Nashville

Nashville was on the southwest bank of the Brazos River two miles below the mouth of Little River and five miles northeast of Gause in what is now Milam County. Sterling C. Robertson founded the town in 1835 and named it in honor of his birthplace, Nashville, Tennessee. Nashville was headquarters for Robertson's colony in the early 1830s. Immediately after the Texas Revolution, Nashville was considered by the Texas Congress as a possible site for the capital of the Republic of Texas. The town served as county seat of Milam County from 1837 to 1846, but after the state legislature made Cameron the Milam county seat in 1846, Nashville began to decline. Construction of the Houston and Texas Central Railway at nearby Hearne in 1868 provided the remaining residents with the incentive to move. The post office at Nashville was discontinued in 1868. In 1927 a chapter of the Daughters of the American Revolution, aided by Milam County, bought seven acres of the Nashville site and deeded the land to the state for a memorial park.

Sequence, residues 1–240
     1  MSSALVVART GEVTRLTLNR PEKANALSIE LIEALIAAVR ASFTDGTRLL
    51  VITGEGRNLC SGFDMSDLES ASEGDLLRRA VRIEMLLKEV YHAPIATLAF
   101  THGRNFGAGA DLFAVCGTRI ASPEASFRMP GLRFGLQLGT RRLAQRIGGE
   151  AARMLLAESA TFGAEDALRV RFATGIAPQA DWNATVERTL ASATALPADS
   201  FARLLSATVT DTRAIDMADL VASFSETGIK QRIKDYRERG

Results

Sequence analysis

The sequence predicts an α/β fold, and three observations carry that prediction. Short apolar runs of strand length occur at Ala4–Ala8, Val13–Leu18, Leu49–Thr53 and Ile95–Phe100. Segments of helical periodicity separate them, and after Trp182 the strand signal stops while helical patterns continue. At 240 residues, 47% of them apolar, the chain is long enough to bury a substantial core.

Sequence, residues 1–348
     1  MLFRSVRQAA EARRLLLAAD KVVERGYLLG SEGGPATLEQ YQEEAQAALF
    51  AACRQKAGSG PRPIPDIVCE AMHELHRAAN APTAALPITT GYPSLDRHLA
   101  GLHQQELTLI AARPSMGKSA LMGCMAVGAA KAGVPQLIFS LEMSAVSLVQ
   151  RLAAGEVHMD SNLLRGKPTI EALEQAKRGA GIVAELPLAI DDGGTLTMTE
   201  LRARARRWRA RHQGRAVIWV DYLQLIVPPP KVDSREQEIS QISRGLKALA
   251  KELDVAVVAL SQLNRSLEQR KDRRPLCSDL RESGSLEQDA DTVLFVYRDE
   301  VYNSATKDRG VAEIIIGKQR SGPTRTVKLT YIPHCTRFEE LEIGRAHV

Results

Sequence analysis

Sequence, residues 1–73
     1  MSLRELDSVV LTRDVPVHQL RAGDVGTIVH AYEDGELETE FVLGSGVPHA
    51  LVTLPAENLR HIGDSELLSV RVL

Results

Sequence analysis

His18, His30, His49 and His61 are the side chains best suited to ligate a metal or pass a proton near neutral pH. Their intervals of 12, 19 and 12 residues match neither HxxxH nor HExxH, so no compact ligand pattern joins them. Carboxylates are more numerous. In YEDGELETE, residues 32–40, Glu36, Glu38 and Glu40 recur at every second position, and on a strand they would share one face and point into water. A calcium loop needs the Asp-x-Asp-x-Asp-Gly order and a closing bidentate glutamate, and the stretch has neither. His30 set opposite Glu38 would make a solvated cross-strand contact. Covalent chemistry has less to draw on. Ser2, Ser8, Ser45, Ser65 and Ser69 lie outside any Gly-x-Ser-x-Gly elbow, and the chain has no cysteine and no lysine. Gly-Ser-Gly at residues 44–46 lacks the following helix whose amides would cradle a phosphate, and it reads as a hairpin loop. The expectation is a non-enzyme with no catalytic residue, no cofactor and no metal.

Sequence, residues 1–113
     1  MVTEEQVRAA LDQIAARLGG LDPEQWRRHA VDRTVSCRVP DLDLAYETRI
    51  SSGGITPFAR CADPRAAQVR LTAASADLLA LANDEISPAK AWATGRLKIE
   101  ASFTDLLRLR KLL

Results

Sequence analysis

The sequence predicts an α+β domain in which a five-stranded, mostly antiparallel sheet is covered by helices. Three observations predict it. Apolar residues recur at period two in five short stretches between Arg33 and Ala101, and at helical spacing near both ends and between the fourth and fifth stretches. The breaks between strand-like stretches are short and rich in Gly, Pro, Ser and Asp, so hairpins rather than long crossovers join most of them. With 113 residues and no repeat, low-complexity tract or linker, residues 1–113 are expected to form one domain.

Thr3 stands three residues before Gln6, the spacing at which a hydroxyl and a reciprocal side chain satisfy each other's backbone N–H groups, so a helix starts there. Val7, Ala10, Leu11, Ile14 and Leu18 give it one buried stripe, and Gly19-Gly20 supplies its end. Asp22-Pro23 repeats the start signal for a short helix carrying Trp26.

Adapted from the official Handbook of Texas, a state encyclopedia developed by the Texas State Historical Association (TSHA). It is an authoritative source of trusted historical records.

Belongs to

Nashville is part of or belongs to the following places.

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Currently Exists

No

Place type

Nashville is classified as a Town

Associated Names

  • [New-]
  • [-on-the-Brazos]

Locations

  • Latitude
    30.82577800
    Longitude
    -96.65287700

Has Post Office

No

Is Incorporated

No

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